Journalling FS and Soft Updates comparision

David Rhodus sdrhodus at
Tue Feb 15 19:35:22 PST 2005

On Wed, 09 Feb 2005 20:23:19 -0700, Scott Long <scottl at> wrote:
> Loren M. Lang wrote:
> > Traditionally, filesystems have been designed with the idea that the
> > data will always be written to disk safely and not much effort was put
> > into making then
> >
> > Journalling Filesystems and Soft Updates are two different techniques
> > designed to solve the problem of keeping data consistent even in the
> > case of a major interruption like a power blackout.  Both work solely on
> > the meta data, not the real data.
> This isn't always true.  There are journaling implementations that
> journal the data as well as the metadata.
> > This means increasing a file's size
> > is protected, but not neccessarily the data that's being written.  (Does
> > this also mean that the data will be written to free space before the
> > file size is increased so extraneous data won't be left in the file?)
> > Journally works be recording in a special place on the hard drive called
> > the journal every meta data change that it is about to execute before it
> > does it, then it updates all the meta data and finally marks the journal
> > completed.  Soft updates are simply a way to order meta data so that it
> > happens in a safe order.  An example is moving file a from directory x to
> > directory y would first delete file a from dir x, then add it to dir y.
> > If a crash happens in the middle, then the data becomes lost right?
> >
> Part of the reordering of metadata in softupdates involves generating
> dependency graphs that prevent data loss like this.

In all filesystems there is a dependency graph for action ordering.  A
filesystem is a set of events and actions.  E.g.  if you think of a
filesystem in terms of this graph, there are node relationships with
commutative and assoviative properties.

Softupdates takes specific advantage of the commutative and
associative properties of these node updates and imposes queue order
semantics on scheduling of actions.
> > Now this shouldn't be a big deal since it's harmless to anything else,
> > just some free space is eaten up.  Since all meta data updates have this
> > same kind of harmless behavior, that why fsck can be done in the
> > background now instead of foreground.
> The theory of softupdates is that whatever metadata made it to disk
> before shutdown/crash is consistent enough to be trusted after just a
> quick preen.  The rest of the background checking is just to clean up
> blocks that became unallocated but weren't committed.
> >
> > Now comparing the two, perfomance wise journalling has an advantage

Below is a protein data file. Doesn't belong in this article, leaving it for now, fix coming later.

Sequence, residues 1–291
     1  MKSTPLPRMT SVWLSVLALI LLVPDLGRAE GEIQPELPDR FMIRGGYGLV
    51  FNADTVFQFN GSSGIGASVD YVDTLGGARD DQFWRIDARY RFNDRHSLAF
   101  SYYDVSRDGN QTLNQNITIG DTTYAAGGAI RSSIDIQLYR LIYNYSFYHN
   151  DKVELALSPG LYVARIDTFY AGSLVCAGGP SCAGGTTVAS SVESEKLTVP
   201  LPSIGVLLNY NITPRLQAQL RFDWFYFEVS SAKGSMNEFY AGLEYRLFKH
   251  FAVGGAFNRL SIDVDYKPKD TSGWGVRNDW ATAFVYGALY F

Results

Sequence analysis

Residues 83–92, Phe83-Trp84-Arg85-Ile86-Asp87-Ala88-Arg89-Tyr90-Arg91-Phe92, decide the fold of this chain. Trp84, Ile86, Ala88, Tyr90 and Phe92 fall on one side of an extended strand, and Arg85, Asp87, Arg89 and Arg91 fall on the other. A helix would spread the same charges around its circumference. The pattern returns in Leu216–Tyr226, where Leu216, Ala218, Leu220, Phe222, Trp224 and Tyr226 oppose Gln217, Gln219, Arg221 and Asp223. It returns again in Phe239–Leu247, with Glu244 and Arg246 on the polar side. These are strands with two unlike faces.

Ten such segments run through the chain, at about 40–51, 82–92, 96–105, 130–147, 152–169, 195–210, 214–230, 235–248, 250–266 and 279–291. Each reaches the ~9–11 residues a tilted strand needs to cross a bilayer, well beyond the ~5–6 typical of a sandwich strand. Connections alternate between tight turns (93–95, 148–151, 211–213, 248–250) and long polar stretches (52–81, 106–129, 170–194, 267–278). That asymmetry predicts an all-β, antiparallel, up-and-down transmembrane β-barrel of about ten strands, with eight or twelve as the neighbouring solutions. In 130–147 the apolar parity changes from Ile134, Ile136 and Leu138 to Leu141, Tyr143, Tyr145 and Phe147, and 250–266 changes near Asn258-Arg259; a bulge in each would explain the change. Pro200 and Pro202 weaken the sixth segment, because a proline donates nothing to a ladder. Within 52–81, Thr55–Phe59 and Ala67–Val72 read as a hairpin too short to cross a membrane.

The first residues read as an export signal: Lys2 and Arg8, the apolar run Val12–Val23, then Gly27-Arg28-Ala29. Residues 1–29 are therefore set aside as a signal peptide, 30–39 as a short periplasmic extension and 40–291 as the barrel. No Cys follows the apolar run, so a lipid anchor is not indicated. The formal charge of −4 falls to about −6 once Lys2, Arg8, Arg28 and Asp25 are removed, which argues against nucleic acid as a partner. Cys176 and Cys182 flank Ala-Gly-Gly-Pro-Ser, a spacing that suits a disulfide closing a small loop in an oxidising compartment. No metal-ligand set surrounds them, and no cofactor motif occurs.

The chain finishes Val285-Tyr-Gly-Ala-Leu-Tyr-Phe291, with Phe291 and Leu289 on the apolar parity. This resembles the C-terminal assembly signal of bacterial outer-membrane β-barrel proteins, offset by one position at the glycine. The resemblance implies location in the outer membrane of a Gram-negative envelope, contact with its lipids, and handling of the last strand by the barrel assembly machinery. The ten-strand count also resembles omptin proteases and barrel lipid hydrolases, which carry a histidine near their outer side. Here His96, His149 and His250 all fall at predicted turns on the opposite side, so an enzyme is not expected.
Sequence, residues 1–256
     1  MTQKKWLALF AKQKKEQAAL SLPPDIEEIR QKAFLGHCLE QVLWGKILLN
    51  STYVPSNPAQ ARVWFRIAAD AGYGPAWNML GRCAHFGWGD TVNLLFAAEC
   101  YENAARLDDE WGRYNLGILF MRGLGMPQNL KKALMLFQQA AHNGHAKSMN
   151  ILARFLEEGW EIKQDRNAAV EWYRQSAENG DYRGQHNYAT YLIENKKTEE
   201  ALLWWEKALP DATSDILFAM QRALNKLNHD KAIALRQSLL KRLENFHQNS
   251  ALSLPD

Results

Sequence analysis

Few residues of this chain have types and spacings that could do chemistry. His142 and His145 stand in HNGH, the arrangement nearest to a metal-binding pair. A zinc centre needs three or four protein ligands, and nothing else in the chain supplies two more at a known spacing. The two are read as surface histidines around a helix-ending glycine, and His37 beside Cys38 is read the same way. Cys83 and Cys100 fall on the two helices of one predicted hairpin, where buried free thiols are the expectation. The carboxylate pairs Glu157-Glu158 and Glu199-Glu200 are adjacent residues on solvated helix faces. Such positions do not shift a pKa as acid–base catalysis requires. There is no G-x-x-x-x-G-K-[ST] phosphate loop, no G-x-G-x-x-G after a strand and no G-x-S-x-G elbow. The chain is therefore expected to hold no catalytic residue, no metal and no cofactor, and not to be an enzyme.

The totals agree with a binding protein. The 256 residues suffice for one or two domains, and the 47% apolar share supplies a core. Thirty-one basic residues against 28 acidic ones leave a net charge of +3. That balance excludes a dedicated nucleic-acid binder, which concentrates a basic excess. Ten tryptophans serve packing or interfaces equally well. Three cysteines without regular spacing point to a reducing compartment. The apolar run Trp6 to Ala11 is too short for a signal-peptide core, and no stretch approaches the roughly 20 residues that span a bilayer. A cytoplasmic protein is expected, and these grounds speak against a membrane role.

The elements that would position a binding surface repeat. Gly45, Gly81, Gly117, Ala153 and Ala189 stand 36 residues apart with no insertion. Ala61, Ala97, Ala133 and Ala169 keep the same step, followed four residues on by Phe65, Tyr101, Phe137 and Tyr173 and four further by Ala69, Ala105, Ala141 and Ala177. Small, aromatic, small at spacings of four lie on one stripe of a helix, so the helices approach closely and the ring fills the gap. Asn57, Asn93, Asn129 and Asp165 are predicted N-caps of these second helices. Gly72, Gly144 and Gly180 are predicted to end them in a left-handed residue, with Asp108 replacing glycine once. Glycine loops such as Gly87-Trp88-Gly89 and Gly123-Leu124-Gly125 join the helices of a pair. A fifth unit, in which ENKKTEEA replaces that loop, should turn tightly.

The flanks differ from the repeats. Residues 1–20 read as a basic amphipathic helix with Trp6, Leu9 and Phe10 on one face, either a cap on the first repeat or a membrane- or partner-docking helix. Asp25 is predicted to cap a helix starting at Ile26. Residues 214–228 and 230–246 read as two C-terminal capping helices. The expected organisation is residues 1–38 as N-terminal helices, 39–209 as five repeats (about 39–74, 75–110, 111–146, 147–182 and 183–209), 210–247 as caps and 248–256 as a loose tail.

> > since every group of meta data updates that are written to the journal
> > at the same time can be reordered to optimize the disk performance.  The
> > disk head just has to move across the disk in order instead of seeking
> > back and forth.  Now this performance is usually lost because the
> > journal is constantly needing to be updated and it probably lies in one
> > small ares of the disk.  The other benefit of the journal is very quick
> > fsck times since all it has do to it see what the journal was updating
> > and make sure it all completed.  Soft updates still require a full fsck,
> > but since it can be done in the background unlike journalling, it mean
> > even faster startup time, but more cpu and i/o time spent on it.  Now if
> > the journal of a journalling fs could be kept somewhere else, say, in
> > some kind of nvram, then journalling might be overall more efficient as
> > far as disk i/o and cpu time than soft updates.
> Performance between softupdates and journalling is still hotly debated,
> and your statements border on the 'flaimbait' side of the argument.
> >
> > I'm mainly just trying to get an understanding of these two techniques,
> > not neccessarily saying one is better.  In the real world, it's probably
> > very dependent on many other things like lot of random access vs.
> > sequential, many files and file ops per seconds, vs. mostly read-only
> > with noatime set, etc.
> Softupdates really aren't a whole lot different from journalling.  Both

No, journalling and soft updates are orthogonal technologies; they
do not solve the same problem space, although there is some minor
overlap.  Soft updates is not able to solve all the problems which
journaling can.

> turn metadata operations into a sequence of ordered atomic updates.  The
> only difference is that journalling writes these updates to the on-disk
> journal right away and then commits them later on, and softupdates keeps
> (most of) them in RAM and then commits them later on.  You are correct
> that journalling has a key advantage in that a fsck, either foreground
> or background, is not strictly required after an unexpected shutdown.
> For further information, I'd suggest reading:
> Scott

                                            Steven David Rhodus
                                            <drhodus at>

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